Your behavior appears to be a little unusual. Please verify that you are not a bot.


Blog

Like us On Facebook

That important first meeting

June 1, 2003 -  By

I will never forget the first meeting we had with Henry Williams, a mortgage broker, when we bought our last home. I had run home from work on a crazy spring day to meet with this gentleman at 2 p.m. At 2:20, “Hank” as he called himself, showed up. Hank came in and sat down at our kitchen table without one mention of his tardiness.

He had a button missing from his shirt that was straining to cover his large belly. A long coffee stain ran almost the length of the shirt. As he began his sales pitch, it was apparent from his breath that Hank had a cocktail or two for lunch. It was clear that we weren’t going to get what we had wanted from this guy. We quickly cut off the conversation and sent Hank on his way.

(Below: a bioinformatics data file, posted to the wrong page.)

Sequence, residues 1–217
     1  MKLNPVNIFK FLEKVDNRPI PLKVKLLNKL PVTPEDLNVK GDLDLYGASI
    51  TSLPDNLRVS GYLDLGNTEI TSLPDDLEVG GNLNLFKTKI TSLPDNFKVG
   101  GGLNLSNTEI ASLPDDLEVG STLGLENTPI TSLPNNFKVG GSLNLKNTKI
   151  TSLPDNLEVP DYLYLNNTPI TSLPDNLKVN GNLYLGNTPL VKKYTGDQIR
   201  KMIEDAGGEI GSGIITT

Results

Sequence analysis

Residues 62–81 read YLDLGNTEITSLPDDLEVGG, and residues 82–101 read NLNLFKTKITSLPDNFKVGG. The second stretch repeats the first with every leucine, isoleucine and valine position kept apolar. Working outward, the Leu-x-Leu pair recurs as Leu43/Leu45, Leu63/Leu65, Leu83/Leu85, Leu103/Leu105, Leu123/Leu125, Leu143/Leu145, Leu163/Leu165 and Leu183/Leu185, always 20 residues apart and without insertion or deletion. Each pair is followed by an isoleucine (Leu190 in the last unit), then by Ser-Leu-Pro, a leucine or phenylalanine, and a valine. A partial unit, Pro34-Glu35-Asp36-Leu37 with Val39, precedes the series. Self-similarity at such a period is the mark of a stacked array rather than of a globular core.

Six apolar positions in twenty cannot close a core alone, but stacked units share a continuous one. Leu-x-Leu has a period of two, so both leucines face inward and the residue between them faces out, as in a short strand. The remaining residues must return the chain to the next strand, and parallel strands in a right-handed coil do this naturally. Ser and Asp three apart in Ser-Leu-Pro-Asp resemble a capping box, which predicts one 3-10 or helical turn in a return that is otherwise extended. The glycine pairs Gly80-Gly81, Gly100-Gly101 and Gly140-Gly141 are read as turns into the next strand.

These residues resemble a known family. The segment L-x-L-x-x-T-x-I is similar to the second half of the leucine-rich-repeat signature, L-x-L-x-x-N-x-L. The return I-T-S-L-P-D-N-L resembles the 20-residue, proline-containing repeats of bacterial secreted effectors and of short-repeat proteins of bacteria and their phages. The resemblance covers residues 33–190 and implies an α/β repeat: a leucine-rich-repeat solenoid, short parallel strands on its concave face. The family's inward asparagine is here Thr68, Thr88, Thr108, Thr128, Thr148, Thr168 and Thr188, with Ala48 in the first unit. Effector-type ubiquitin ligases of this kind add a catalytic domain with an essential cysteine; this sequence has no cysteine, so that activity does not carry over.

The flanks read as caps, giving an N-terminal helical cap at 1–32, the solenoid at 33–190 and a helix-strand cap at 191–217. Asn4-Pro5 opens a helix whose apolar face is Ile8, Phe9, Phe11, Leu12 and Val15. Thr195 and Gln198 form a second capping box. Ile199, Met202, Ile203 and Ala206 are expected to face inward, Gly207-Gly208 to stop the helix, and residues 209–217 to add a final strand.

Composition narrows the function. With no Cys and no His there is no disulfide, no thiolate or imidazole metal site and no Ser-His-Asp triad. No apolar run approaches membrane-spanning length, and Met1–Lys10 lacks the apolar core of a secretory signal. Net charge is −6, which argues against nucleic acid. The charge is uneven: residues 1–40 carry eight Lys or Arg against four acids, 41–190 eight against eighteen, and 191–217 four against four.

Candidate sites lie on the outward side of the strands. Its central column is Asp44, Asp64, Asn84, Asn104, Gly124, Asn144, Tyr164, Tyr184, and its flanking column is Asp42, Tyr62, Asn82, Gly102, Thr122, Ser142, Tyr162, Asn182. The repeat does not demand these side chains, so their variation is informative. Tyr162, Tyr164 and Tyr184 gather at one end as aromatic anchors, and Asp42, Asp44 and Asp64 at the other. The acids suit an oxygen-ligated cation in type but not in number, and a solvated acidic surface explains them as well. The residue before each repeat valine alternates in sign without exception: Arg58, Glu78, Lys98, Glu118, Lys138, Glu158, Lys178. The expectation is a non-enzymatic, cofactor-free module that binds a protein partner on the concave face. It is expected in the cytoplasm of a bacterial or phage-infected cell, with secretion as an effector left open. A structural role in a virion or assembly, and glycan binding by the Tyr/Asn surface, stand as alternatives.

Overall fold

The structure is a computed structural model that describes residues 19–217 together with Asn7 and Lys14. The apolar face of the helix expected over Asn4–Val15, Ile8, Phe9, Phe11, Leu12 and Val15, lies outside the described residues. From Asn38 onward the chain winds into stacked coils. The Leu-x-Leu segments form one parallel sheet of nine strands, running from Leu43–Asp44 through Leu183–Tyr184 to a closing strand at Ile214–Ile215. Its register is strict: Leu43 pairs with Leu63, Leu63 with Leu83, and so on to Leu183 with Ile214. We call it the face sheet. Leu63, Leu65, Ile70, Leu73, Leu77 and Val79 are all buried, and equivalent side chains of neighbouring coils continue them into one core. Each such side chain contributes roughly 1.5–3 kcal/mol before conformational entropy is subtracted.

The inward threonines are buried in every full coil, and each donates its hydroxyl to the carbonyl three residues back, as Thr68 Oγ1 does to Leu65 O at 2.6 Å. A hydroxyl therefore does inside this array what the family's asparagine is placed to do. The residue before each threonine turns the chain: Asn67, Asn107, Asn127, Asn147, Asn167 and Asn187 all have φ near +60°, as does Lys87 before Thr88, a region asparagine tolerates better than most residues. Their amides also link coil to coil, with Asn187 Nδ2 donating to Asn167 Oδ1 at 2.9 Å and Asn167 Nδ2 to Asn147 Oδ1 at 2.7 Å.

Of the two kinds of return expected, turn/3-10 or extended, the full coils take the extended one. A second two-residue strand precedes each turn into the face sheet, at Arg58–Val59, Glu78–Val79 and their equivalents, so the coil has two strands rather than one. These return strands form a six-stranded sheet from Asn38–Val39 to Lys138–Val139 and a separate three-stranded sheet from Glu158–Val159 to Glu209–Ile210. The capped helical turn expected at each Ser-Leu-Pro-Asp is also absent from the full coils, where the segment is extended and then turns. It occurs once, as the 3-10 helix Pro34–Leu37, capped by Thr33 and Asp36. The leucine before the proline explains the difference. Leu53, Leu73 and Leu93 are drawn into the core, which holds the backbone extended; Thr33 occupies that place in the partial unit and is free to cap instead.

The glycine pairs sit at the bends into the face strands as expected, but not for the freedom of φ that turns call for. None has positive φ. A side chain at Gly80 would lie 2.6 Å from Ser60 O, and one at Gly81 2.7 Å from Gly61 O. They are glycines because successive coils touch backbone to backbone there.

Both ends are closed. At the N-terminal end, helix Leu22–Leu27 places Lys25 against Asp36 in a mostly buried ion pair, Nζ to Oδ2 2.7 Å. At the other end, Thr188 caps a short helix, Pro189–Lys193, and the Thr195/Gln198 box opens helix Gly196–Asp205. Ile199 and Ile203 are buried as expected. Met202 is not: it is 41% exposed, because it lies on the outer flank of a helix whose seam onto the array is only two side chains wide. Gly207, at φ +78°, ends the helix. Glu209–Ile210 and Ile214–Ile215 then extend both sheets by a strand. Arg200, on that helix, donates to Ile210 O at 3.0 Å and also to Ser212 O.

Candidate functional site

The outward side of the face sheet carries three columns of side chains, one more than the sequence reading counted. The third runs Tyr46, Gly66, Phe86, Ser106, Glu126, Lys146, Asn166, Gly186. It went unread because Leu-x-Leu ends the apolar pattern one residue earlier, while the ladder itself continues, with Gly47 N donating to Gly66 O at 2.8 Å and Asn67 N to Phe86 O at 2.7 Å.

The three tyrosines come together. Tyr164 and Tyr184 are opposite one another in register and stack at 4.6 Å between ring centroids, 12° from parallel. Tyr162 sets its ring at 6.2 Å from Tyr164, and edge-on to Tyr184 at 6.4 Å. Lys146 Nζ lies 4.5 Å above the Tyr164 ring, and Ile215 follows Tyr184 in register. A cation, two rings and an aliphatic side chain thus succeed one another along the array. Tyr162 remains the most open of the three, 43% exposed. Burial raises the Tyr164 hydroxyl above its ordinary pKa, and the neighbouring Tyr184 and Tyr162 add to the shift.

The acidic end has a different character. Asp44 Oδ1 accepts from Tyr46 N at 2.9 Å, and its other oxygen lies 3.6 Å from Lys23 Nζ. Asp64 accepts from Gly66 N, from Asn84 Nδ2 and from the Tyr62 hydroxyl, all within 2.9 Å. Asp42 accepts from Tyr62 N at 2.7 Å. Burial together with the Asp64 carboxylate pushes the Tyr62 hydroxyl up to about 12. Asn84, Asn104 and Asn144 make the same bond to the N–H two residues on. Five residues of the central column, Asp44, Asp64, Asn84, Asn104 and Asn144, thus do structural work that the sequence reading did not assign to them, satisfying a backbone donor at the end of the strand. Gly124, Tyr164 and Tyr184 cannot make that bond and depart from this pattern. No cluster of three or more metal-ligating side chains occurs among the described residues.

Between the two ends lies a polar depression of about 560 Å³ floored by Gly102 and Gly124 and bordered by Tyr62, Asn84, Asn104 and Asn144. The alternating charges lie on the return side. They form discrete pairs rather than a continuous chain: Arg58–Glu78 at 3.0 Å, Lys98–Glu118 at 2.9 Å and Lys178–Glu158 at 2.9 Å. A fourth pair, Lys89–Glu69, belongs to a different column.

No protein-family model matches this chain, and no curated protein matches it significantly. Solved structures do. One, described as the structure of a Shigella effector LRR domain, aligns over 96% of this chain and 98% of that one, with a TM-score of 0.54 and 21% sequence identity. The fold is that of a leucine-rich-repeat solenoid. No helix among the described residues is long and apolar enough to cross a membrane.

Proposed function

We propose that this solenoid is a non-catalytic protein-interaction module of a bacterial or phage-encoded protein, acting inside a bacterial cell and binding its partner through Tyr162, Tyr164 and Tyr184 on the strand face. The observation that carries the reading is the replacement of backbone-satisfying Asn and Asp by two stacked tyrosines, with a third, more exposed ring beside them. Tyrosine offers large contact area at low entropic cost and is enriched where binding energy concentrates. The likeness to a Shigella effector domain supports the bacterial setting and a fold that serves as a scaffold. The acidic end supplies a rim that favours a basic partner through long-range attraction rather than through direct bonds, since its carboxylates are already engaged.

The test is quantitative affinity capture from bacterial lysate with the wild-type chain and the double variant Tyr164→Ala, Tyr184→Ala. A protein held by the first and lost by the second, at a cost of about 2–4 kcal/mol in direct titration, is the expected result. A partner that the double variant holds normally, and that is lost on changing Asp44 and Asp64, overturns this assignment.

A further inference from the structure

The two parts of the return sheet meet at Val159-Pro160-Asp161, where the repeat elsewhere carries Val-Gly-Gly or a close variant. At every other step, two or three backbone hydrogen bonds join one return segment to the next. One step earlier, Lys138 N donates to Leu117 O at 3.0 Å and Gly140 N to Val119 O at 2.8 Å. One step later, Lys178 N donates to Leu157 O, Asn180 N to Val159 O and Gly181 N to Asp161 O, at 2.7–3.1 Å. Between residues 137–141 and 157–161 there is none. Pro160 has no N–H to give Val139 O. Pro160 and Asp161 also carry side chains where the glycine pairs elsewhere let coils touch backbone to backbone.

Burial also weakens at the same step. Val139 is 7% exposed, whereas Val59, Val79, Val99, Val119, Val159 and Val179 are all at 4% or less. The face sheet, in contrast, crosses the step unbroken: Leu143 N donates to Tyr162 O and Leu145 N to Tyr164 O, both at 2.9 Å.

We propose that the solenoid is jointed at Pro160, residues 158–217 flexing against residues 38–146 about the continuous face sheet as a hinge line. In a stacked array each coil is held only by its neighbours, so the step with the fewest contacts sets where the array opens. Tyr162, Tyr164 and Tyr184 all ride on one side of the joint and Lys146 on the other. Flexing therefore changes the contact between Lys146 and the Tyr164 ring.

Are you or anyone on your team driving away potential business because of a poor first impression? There is no meeting more important than your initial meeting with a prospect. It sets the tone for your relationship with that potential client and can make or break the sale.

First impressions are everything, so do everything in your power to make it a great impression with these two steps:

  • Send a note to confirm your meeting as soon as you get off the phone with a prospect.
  • Call the day of your meeting to confirm the time.

By doing these two simple steps, you have immediately put yourself head and shoulders above the competition.

Toolkit for the first meeting

Prepare a strategy for the first meeting based on your initial conversations with the client. The car ride to meet with your prospect is your opportunity to prepare for being your best. Your toolkit should include all of your brochures, your portfolio and any other sales tools you’ll need. Jot down a list of pertinent questions.

Think only the most positive thoughts on the way there. Use the car ride to get fired up. I played at least five to 10 minutes of my favorite “fire-up music” before meeting a client. Music has a huge affect on your psyche.